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  • Yes... With an interesting philosophy

    I was diagnosed with ADHD as a child and at first I felt bad due to my parents going back and forth on whether or not to put me on medication. However, throughout time I've grown into an interesting situation. I have found that through strict practice you can hone this "hyper focus" ability that was mentioned earlier by another user. It's not the easiest battle when you have the negative stigma previously beaten into your subconsciousness, but it will only be uphill temporarily. By calling upon this "hyper focus" I've actually gotten it to come out, which made me realize ADHD's most positive use. This use is being able to exceed greatly with multiple passions. The next step is spaced repetition in the sense that you go the next level slightly slower every time. Which brings about the metaphor that ADHD is an extra muscle you can either choose to shrivel with drugs, or strengthen over time. This isn't a proven technique, but it has worked for me and I highly recommend more people try it.

  • Inattentiveness doesn't equal lazy

    Although ADHD may seem like a disability during childhood, there are many benefits of it. People with this 'disorder' tend to be creative; challenge the norms; and being very interesting. As a person who has some friends with ADHD, I can also see that they are also risk takers and surprisingly intelligent. Saying ADHD has no benefits is like saying people with Asperger's Syndrome are fully disabled. Only disadvantage is that they lack the general attention span of normal people. But everyone is different.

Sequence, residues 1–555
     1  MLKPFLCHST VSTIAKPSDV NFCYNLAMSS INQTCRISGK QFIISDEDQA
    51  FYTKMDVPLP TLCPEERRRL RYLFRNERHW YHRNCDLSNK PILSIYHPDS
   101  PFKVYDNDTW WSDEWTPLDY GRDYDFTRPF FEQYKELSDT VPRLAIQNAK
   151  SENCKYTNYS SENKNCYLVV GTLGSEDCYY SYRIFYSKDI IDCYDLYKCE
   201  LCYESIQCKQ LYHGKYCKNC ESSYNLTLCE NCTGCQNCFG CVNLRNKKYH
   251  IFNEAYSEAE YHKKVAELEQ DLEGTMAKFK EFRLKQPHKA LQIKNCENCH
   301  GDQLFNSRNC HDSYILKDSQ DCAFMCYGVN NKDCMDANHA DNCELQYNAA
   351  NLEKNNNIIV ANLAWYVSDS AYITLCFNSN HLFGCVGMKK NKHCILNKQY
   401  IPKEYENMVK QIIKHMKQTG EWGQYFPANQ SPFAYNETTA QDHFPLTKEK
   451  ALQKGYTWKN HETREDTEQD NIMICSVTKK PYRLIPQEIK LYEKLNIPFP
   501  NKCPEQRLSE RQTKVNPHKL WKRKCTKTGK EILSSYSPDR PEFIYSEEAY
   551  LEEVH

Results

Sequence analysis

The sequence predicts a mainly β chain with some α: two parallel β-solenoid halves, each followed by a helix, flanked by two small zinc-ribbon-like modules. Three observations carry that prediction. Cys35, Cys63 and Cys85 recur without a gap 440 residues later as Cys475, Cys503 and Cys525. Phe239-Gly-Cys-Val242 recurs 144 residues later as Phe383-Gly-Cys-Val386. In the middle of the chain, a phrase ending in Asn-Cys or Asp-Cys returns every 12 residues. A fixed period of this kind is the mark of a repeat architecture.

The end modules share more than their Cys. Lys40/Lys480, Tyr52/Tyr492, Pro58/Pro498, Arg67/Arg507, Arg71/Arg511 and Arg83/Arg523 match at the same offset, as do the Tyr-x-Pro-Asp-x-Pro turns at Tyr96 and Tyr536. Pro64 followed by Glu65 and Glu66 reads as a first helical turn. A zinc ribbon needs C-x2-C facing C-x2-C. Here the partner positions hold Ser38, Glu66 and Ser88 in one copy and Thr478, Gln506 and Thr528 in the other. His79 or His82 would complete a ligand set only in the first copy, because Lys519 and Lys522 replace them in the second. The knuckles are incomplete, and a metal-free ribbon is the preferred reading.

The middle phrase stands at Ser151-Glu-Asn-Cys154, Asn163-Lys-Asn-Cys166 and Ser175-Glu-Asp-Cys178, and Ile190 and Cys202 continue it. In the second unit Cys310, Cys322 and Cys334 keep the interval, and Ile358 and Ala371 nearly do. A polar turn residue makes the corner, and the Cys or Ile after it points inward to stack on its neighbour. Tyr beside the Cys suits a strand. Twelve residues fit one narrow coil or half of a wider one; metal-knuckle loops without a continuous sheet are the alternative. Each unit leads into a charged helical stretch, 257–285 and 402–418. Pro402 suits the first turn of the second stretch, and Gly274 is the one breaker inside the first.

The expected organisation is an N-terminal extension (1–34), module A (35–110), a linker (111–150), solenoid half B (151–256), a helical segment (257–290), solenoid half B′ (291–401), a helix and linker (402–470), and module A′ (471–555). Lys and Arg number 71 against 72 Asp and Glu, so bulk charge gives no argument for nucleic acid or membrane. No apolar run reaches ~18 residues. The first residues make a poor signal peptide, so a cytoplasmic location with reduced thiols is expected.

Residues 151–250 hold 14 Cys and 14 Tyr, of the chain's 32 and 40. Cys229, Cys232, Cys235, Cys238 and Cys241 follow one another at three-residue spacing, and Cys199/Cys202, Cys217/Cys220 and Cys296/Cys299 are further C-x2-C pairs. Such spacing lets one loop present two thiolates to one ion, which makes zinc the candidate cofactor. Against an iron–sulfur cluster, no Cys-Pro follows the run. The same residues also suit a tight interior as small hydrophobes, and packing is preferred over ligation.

• I have ADHD

    Adhd has allowed me to discover many truths that other people simply cannot see before other people say that it is.
    I also believe that my creativity and examining comes from ADHD
    I think that the problem comes from the inflexible school system because imagination is actually more important than knowledge I.E what you cannot see with the eye is more important than what you can see.

  • There are many benefits to having ADHD.

    It can be hard when you are a child but as you grow up ADHD can be a wonderful tool when you learn to work with it. There are so many advantages to having ADHD such as having lots of energy, needing less sleep than others, and being spontaneous and adventurous. A short attention span also means never having to hold a grudge.

  • YES

    I have this, and it can be very beneficial in some areas.

    One of the main areas where it can be beneficial is when I am really into something and hyper focus. This focus helps me do really good work.

    It also can be beneficial to have this when you're brainstorming for ideas. I think very quickly, so I can come up with a lot of ideas quickly.

    It can help when you're dealing with a situation where you need a lot of energy. I'm naturally hyper, so I tend to last longer than normal people when it comes to situations where a lot of energy is spent.

    It can help you when it comes to creativity, too. People like me tend to think differently than most people, and this makes us valuable when it comes to things involving creativity. We can come up with things that others would never even dream.

  • Yes, or else it would have been selected out of the population

    The mere fact that ADHD is still in the human population points to some sort of benefit. Only beneficial things persist in the population long term, especially when it comes to behavior diseases. I bet that many of the greatest motivators, artists, actors, dancers, athletes and other high energy people have ADHD. It's simply a problem when we try to force them to do something they are not wired for.

  • Tough question.